“This is ridiculous. He almost raped me!” My throat felt tight as if my windpipe were closing up. “There’s nothing I can do? Nothing at all? What about a jury? I’d be a very credible witness,” I said, dimly aware that several tears had begun a slow journey down my face.

He studied my face again. “Just be glad you were able to stop him. If things had gone further and you had physical evidence, you could’ve had a case. But that would come with a very high price. For one thing, you’d get dragged through the mud if there was a full investigation and maybe a trial. It’s a rough road no matter how much evidence you have.” He leaned in again, resting his hands on his thighs.

“Miss Ericsson,” he continued in a softer voice. “I’m not unsympathetic. Believe me. I have a teenage daughter, and I’d kill anyone who did this to her. But my hands are tied without any evidence or a witness. Spare yourself the pain and disappointment of pressing charges and move on with your life.”

“Move on? Don’t you see my life is different today than it was two days ago?” A small sob escaped from my chest, startling me.

“I understand this is hard. Do you have any friends you can talk to about it? Relatives maybe? That might help.”

“Yeah. Maybe.” I collected my coat and purse and stood up. I came for justice and got resistance, doubt, and suspicion. My chest ached as I held in more sobs.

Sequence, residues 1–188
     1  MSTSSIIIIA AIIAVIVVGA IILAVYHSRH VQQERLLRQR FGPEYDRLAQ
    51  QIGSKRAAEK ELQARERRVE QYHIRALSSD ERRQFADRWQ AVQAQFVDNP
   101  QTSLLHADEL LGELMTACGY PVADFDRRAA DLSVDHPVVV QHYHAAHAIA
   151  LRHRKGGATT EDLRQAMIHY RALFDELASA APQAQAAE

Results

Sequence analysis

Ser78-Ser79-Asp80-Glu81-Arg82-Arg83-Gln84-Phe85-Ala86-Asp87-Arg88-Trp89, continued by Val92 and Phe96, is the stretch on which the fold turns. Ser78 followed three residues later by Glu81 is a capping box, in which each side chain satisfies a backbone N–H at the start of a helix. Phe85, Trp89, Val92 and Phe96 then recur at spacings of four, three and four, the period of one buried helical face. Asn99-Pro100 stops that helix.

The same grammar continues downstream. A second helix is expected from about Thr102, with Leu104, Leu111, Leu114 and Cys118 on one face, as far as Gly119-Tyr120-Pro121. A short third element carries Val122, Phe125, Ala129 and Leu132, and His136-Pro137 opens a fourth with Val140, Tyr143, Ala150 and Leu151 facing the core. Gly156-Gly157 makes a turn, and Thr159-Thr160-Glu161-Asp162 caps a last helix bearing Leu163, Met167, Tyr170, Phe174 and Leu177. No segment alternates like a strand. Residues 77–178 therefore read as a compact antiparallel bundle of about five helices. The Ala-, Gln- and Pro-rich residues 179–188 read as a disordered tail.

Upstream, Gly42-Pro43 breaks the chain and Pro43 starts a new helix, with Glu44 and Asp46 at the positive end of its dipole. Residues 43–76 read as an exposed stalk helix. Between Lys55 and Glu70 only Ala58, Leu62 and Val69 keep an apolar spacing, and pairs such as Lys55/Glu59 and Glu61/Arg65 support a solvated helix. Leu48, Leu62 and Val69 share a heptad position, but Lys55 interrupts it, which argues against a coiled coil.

“I do believe you, for what that’s worth,” Rodriguez said, as if he’d heard my thoughts.

I nodded, afraid to speak for fear I’d burst into tears. I turned and rushed out of the police station, as sullied and out of control as I’d been in the coatroom the night before.


Rae’s Reading Lounge — “Horseshoes and Hand Grenades tells a story in alternating viewpoints of the harassment that women face daily, on the street, at work, anywhere public really. It ranges from heartbreaking to infuriating and all the feelings in between….The underlying message of strength and hope is a strong one, and I think that will shine through for readers.”

Laura Davis, Co-Author of The Courage to Heal — “Any sexual abuse, no matter the form or degree, impacts the victim. Stevens portrays this beautifully in this exploration of a young woman’s coming to terms with her past. And the parallel story of a woman grappling with workplace sexual harassment underscores the similarities in how society treats both types of victim.”

S.D., Advance Reader Review “Reading this book, I felt kinship with the women, having had similar experiences. If this story gives just one woman the courage to speak out, or gives just one man a compassionate insight into how women cope with harassment but have the strength to maintain their lives (constructively and destructively), it will be a success.”

Kimberly Coghlan, Coghlan Professional Writing Services — “Horseshoes and Hand Grenades delivers a realistic portrait of women and their struggles. Surprisingly enough, Stevens manages to turn a hefty topic into an approachable one by way of a riveting read. As a woman who has endured workplace sexual assault, I particularly related to the authentic feelings of frustration, doubt, and trepidation that the characters in this novel experience.

“Every American should read this novel, as each character is someone you know. She is your mother, your sister, your daughter, your friend. She is your neighbor, your coworker, your aunt. She is you… In addition to being a page-turner, Horseshoes and Hand Grenades is a true-to-life tale of love, friendship, and betrayal. “

Horseshoes and Hand Grenades is available for pre-order in ebook format on Amazon. The novel will be available in paperback and ebook on all major sites on September 27th.